There’s a secret museum, of sorts, hidden within Aventura.
Nestled on the 10th floor of an office building, some of the most precious political and sports memorabilia of the 20th and 21st centuries hangs on a wall. But there are no tickets to this exhibit. For access, you’ll have to make an appointment to see Ron Book, the highly successful lobbyist and longtime chair of the Miami-Dade Homeless Trust.
Book’s collection of torches from the Olympic Games goes as far back as the 1936 Berlin Olympics, and there is a good chance that one from this month’s Winter Olympics in South Korea will find its way to his Miami-Dade office or home.
Ron Book: Tenacious Advocate
Book, who is known for his determined approach in politics and advocacy against child abuse and homelessness, credits his tenacity to playing competitive sports as teen.
“I learned most of that determination, focus and discipline from my years running track” in high school and college, he said. “My coaches really taught me what it was to be competitive, what it was to be hungry, what it was to fight for the things that matter to you. Track and field were important to me, and I always loved the Summer Olympics, so I started collecting torches.”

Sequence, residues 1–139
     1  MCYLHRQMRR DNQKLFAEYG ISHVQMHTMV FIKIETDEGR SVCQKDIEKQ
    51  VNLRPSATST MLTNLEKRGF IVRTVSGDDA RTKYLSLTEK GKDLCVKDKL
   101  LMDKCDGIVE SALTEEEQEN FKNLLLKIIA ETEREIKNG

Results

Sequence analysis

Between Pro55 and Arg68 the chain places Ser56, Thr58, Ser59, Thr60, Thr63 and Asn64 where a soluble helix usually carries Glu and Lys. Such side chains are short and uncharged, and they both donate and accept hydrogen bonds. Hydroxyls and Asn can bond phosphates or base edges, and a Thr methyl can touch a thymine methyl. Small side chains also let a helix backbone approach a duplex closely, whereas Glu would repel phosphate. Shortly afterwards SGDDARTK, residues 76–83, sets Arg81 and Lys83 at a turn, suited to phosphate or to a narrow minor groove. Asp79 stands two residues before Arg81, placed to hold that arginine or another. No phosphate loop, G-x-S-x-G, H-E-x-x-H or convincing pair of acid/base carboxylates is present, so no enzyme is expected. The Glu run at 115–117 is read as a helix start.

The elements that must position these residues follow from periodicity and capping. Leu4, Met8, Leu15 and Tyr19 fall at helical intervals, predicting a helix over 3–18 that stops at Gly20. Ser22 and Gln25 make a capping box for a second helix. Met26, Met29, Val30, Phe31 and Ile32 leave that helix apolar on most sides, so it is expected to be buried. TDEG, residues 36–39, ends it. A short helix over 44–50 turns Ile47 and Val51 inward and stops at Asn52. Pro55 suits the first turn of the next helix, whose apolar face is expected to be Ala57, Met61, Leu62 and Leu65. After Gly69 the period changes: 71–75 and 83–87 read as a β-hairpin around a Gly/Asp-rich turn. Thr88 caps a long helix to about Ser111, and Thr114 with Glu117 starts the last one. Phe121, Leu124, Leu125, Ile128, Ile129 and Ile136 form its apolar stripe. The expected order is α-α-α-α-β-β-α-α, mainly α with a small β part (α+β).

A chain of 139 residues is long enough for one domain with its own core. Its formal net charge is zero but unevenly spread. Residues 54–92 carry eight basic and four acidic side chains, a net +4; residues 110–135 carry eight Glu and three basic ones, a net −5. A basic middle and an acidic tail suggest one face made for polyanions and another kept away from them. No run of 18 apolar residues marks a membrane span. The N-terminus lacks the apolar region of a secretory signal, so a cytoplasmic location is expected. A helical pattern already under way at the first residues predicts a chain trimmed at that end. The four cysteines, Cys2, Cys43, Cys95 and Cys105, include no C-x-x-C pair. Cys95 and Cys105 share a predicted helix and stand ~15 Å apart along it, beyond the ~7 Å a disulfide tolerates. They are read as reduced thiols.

Book is a fierce collector — if he doesn’t already have it, that means it’s on his radar to get. He recalls a time when he watched the sun rise as he was participating in three simultaneous overnight auctions. Of his more than 40 Olympic torches, many still hold the residue of the mother flame, which Book notes adds to the torches’ value and desirability.
‘One of the things I always wanted to do was run in the Olympic torch relay, and I did it.’
Once-in-a-Lifetime Olympic Opportunity
He is hesitant to estimate a total worth of his collection, but he points to one that will forever remain priceless to him. It’s from the 1996 Summer Olympics in Atlanta — one that he carried as part of the official Torch Relay Team.
“One of the things I always wanted to do was run in the torch relay, and I did in 1996,” Book said, tapping his finger to the glass case that holds the torch, the uniform he wore and a photograph of him during the relay. “At home, I have one just like it, but it’s one of eight that Muhammad Ali held and used to light the big torch in Atlanta.”
That opportunity of a lifetime came thanks to Jimmy Carnes, Book’s late track coach and friend. Carnes did it to give Book another shot at Olympic glory — the young runner had qualified for the Olympic trials in Eugene, Oregon, in 1972 but blew his Achilles tendon two weeks before the tryout.
“I surrounded myself with things growing up that taught me the meaning of fighting for what you wanted and working at it,” Book said, adding that he doubts he’ll ever stop collecting, because it reminds him to stay focused.
“Torches are important to me. They’re a symbol of being the best.”